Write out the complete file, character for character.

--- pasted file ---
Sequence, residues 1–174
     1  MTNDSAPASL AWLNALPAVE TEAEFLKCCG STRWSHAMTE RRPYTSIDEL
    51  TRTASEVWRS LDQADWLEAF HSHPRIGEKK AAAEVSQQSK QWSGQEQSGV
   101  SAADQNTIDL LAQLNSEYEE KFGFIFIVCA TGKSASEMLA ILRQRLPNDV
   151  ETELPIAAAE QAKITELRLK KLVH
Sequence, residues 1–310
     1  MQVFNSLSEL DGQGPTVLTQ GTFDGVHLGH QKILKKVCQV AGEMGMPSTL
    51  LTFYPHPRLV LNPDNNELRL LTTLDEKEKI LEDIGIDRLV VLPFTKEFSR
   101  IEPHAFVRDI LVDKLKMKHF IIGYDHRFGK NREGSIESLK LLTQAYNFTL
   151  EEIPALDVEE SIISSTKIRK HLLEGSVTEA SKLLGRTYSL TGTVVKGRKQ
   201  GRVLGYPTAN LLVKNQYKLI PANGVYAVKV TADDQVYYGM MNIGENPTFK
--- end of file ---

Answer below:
Sequence, residues 1–174
     1  MTNDSAPASL AWLNALPAVE TEAEFLKCCG STRWSHAMTE RRPYTSIDEL
    51  TRTASEVWRS LDQADWLEAF HSHPRIGEKK AAAEVSQQSK QWSGQEQSGV
   101  SAADQNTIDL LAQLNSEYEE KFGFIFIVCA TGKSASEMLA ILRQRLPNDV
   151  ETELPIAAAE QAKITELRLK KLVH
Sequence, residues 1–310
     1  MQVFNSLSEL DGQGPTVLTQ GTFDGVHLGH QKILKKVCQV AGEMGMPSTL
    51  LTFYPHPRLV LNPDNNELRL LTTLDEKEKI LEDIGIDRLV VLPFTKEFSR
   101  IEPHAFVRDI LVDKLKMKHF IIGYDHRFGK NREGSIESLK LLTQAYNFTL
   151  EEIPALDVEE SIISSTKIRK HLLEGSVTEA SKLLGRTYSL TGTVVKGRKQ
   201  GRVLGYPTAN LLVKNQYKLI PANGVYAVKV TADDQVYYGM MNIGENPTFK